Agamben separates cinema from mass media by attacking the latter for its tyranny of facts devoid of possibilities of repetition (2014: loc. 606) and privileging (certain types of) cinema for its potential to salvage gestures in liberating them as pure praxis. In claiming this, he rehabilitates the Warburgian idea of “gesture as the crystal of historical memory and gesture in its petrifaction as destiny” (Agamben 1999a: 83) and assigns this veritably messianic mission to cinema. Both Guy Debord and Jean-Luc Godard have endeavoured, according to Agamben, to imagine (to put in images) a salvation of history, and, in so doing, opened up the absolute and complete gesturality of human beings – the sphere of pure means, or politics. Thus, Godard’s Histoire(s) du cinema (1998, France) yields a film apocalypse, a catastrophe of the optic regime, but also a revelation: “Godard’s work functions as an unveiling of the cinema by the cinema” (2014: loc. 599). Godard continues the process initiated in “Debord’s cinematic practice [which] dismantles the image to reveal the gesture” (ibid.: loc. 633).16 In the question of how the exhibition of mediality of images (and gestures) and their resurrection are achieved, Agamben arrives at the conclusion that it occurs in the process of montage. Both Debord and Godard exemplify what Agamben calls two transcendental conditions of film montage: repetition and stoppage. These show the image as such (he does not use the word “gesture”, although it would seem appropriate here). In a paradoxical manner, repetition, which is never a return of the identical, “restores” the possibility of what was, i.e., makes the past possible anew, and resembles, therefore, the working of memory: “Memory is [...] the organ of reality’s modalization: it is that which can transform the real into the possible and the possible into the real [...] that is also the definition of cinema” (Agamben 2004: 316). As for the stoppage, it is “the power to interrupt, the ‘revolutionary interruption’ of which Benjamin spoke” (ibid.: 317). Agamben resorts, for comparison, to the only possible (in his view) distinction between prose and poetry – the caesura and enjambment – devices which enable the interruption of the flow of words and make the word appear as such. Rephrasing Paul Valéry’s definition of poetry, Agamben suggests an elegant metaphor for cinema: “a prolonged hesitation between image and meaning” (2004: 317).17 Thus, Agamben, adopting Deleuze’s reformulation of cinematic image as a “mobile section” (Deleuze 1986: 22) and Warburg’s “iconology of the interval” (Agamben 1999b: 100), pleads for rethinking of the status of (any) image: it is by repetition and stoppage that the “mobile section” and the interval can be exposed as a gesture.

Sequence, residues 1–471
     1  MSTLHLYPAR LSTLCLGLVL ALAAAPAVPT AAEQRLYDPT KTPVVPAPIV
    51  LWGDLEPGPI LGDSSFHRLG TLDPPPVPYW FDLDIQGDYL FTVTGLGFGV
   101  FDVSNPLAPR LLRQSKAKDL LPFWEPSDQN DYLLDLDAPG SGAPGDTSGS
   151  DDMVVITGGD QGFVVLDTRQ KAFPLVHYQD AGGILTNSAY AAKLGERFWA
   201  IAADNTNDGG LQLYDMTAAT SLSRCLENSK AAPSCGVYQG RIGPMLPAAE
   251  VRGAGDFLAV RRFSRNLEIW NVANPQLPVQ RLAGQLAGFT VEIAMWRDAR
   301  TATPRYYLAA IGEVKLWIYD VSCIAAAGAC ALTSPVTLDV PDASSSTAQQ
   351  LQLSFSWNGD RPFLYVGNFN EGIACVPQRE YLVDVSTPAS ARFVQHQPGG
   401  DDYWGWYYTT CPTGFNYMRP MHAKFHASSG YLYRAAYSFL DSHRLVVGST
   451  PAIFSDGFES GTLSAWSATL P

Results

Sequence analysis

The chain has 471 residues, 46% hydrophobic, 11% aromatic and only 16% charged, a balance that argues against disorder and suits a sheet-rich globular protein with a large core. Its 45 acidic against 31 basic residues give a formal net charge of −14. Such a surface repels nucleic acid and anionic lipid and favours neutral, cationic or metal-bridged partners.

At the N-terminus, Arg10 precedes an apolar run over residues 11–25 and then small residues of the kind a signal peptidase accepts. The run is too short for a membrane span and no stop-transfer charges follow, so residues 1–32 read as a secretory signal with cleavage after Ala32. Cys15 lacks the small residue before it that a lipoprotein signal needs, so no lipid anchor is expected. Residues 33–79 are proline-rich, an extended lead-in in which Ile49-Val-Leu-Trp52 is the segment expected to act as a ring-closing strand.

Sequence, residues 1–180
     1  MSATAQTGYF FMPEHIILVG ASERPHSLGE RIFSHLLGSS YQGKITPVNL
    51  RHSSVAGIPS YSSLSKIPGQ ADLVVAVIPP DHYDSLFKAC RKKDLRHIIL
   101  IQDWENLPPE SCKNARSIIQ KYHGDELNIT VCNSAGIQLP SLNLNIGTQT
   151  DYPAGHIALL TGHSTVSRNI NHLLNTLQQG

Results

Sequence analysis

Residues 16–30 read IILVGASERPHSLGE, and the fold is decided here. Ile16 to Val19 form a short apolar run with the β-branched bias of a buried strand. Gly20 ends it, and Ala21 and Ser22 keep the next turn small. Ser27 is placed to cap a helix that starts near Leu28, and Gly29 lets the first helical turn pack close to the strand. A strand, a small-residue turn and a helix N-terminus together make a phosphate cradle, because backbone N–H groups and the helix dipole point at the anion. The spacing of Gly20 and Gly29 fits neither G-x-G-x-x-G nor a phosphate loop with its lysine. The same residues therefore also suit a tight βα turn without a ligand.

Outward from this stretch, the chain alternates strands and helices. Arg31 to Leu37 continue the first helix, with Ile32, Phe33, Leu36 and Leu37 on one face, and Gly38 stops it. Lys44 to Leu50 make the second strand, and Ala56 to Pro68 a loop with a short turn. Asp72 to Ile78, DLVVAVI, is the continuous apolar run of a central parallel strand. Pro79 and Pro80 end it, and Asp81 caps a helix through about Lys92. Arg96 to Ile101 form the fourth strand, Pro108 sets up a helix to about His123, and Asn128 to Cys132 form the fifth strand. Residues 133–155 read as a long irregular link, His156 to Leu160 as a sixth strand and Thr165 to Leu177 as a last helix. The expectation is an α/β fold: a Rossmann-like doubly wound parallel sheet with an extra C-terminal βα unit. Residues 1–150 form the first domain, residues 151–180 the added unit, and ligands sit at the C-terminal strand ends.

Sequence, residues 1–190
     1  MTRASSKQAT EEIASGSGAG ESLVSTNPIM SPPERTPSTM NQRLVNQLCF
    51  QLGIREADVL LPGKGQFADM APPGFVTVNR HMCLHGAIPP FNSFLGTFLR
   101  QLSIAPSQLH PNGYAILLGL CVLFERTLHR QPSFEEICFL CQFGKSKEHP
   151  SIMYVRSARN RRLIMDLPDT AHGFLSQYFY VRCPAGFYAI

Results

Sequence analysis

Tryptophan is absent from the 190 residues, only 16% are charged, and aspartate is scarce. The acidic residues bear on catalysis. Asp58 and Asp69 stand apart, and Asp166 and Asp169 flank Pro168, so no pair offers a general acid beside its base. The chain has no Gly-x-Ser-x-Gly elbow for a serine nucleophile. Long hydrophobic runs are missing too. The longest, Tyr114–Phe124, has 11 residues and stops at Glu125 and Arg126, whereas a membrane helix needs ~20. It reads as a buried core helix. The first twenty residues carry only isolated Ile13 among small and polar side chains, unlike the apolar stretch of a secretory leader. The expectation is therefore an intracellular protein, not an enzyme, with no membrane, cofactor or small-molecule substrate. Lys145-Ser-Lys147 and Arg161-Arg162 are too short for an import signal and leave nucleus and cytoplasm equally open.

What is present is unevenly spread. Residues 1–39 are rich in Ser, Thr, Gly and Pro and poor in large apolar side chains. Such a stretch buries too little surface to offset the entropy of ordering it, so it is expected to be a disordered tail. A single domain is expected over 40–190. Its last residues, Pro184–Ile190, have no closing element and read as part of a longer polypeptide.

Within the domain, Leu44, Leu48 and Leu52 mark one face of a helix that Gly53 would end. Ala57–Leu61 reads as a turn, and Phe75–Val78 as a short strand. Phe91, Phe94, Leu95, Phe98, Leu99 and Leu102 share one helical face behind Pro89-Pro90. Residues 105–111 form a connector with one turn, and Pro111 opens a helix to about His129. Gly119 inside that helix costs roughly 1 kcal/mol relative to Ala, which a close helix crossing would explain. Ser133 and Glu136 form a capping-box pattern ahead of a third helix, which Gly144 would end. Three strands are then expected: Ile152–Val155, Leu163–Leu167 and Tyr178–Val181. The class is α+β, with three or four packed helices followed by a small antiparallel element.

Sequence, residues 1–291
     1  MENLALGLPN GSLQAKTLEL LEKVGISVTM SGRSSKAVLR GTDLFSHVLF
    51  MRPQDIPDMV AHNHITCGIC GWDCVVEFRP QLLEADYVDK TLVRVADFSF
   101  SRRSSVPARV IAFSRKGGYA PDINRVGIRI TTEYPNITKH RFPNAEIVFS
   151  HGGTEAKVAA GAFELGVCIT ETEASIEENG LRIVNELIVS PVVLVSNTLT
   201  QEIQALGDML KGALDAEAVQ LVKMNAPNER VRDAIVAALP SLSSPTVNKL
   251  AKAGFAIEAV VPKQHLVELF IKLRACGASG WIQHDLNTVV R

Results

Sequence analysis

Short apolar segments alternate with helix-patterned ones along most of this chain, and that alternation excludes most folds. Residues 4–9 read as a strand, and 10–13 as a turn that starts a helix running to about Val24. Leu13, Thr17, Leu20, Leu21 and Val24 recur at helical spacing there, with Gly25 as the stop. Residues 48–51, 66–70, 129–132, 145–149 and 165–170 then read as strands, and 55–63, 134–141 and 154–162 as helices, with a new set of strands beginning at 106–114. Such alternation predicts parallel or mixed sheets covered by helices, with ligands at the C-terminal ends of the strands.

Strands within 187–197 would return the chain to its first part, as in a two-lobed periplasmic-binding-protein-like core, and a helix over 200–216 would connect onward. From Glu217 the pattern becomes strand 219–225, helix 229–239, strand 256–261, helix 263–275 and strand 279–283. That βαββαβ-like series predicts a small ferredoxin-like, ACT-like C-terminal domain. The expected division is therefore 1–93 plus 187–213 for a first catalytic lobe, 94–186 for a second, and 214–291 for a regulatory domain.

Vilém Flusser: The Gesture of Filming